Lucinda Williams to Play MPAC, 6/20
Lucinda Williams has always been adept at painting landscapes of the soul, illuminating the spirit's shadowy nooks and shimmering crannies -- but she's never captured the sun breaking through the clouds as purely as on her Lost Highway release, Little Honey.
Over the course of a recording career that's now in its fourth decade, the Louisiana-born singer has navigated terrain as varied as the dust-bowl starkness of her 1978 debut Ramblin' (recorded on the fly with a mere 250 dollar budget behind her) and the stately elegance of West (which Vanity Fair called "the record of a lifetime"). Between those signposts, Lucinda Williams established a reputation as one of rock's most uncompromising and consistently fascinating writers and performers, earning kudos from artists as diverse as Mary-Chapin Carpenter (who helped win Williams a Grammy with her recording of "Passionate Kisses") and Elvis Costello (who joins her for a duet on the Little Honey mini-drama "Jailhouse Tears").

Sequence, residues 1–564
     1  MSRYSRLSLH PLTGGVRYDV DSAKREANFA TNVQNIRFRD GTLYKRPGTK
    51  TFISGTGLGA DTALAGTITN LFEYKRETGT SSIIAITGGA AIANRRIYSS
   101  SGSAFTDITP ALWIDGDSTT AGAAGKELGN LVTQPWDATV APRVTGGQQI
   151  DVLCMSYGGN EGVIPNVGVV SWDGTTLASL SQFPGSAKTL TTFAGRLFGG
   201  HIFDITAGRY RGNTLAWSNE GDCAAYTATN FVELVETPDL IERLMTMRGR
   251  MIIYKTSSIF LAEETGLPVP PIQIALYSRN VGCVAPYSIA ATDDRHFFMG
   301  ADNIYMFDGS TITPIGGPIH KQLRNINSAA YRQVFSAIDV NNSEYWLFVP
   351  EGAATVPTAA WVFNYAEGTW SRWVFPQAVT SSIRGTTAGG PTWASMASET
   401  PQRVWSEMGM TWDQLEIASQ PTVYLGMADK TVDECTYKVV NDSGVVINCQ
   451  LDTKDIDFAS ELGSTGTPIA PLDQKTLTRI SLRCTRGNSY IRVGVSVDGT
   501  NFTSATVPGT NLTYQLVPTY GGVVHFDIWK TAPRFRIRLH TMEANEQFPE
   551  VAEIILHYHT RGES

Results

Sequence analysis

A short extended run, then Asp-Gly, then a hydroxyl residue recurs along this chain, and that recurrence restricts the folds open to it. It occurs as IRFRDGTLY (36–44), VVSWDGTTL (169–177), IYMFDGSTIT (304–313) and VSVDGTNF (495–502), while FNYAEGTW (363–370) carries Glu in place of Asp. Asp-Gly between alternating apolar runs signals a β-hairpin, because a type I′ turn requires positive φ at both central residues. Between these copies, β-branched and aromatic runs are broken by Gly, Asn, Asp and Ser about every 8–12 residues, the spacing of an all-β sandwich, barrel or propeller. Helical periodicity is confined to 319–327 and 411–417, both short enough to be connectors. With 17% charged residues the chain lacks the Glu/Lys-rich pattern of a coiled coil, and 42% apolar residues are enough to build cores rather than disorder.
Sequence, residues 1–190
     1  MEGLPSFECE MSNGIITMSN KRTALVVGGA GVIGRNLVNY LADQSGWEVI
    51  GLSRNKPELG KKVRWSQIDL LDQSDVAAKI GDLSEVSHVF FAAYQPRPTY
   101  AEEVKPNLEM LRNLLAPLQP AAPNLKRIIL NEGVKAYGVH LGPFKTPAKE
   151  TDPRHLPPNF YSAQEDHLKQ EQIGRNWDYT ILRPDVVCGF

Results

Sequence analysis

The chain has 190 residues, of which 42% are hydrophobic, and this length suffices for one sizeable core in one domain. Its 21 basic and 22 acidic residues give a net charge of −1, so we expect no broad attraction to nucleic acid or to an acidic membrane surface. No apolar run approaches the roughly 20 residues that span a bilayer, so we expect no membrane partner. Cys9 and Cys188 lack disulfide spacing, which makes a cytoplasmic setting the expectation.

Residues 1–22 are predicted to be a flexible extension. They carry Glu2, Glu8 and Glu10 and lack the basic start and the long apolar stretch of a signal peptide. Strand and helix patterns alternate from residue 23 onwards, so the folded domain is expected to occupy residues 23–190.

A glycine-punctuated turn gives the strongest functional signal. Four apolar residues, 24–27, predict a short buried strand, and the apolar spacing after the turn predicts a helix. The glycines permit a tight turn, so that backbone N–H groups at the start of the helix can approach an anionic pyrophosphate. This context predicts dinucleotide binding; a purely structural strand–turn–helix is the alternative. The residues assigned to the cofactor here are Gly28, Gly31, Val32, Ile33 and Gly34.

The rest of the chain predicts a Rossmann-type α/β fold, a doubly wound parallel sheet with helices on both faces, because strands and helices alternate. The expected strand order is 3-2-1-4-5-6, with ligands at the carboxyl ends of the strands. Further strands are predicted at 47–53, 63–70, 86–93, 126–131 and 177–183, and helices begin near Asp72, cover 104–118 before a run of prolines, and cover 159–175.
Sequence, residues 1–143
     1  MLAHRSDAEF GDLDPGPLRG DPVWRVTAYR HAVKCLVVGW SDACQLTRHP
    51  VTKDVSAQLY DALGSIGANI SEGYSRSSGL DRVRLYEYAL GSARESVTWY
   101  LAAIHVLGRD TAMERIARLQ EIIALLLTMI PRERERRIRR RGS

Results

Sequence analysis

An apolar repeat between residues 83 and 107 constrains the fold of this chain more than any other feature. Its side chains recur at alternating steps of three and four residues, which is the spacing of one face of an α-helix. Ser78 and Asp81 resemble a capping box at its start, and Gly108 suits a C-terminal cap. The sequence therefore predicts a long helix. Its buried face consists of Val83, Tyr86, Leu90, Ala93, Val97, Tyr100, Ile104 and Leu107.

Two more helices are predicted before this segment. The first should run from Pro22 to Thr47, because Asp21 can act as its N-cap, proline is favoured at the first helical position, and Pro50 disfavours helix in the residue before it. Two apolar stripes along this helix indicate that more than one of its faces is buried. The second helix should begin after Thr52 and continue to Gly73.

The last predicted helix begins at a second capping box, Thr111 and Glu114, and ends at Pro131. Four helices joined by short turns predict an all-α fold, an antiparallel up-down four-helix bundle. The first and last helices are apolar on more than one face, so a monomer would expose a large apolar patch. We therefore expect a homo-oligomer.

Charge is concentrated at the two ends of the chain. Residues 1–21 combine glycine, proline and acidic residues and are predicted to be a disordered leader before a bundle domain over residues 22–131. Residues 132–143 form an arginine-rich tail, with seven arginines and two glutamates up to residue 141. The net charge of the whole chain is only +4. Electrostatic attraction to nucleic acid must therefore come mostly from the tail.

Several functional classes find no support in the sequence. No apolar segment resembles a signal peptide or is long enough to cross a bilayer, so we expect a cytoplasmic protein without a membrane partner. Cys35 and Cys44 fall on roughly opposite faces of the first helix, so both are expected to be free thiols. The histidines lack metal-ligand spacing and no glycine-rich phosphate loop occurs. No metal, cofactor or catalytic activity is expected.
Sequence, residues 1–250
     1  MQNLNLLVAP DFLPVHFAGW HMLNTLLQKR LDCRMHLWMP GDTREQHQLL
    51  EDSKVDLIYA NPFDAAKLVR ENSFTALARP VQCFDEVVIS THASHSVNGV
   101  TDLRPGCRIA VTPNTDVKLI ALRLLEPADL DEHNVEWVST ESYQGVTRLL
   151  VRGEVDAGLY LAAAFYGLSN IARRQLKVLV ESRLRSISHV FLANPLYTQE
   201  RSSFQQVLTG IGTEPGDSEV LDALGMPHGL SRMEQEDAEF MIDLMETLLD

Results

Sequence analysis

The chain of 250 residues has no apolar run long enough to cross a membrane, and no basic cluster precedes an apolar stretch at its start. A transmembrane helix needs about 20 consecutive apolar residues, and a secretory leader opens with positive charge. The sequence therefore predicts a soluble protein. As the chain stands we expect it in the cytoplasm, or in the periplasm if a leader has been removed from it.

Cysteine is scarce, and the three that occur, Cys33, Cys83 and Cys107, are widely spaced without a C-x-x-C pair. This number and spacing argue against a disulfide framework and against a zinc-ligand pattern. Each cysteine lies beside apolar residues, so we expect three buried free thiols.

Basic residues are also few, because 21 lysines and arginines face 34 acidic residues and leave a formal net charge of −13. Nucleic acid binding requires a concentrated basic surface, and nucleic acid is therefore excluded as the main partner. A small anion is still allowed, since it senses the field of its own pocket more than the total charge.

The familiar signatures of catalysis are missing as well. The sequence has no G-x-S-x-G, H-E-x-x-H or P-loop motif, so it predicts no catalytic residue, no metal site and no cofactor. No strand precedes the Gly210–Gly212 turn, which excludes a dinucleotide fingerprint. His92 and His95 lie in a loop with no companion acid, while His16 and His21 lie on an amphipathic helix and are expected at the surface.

Williams learned the importance of professional integrity around the same time most kids are learning their ABCs, thanks in a large part to her award-winning poet father Miller Williams -- who invested her with a "culturally rich, but economically poor" upbringing where artistic expression was of primary importance. Later, she'd hone her vision playing hardscrabble clubs around her adopted home state of Texas, absorbing the influence of sources as varied as Bob Dylan and Lightnin' Hopkins.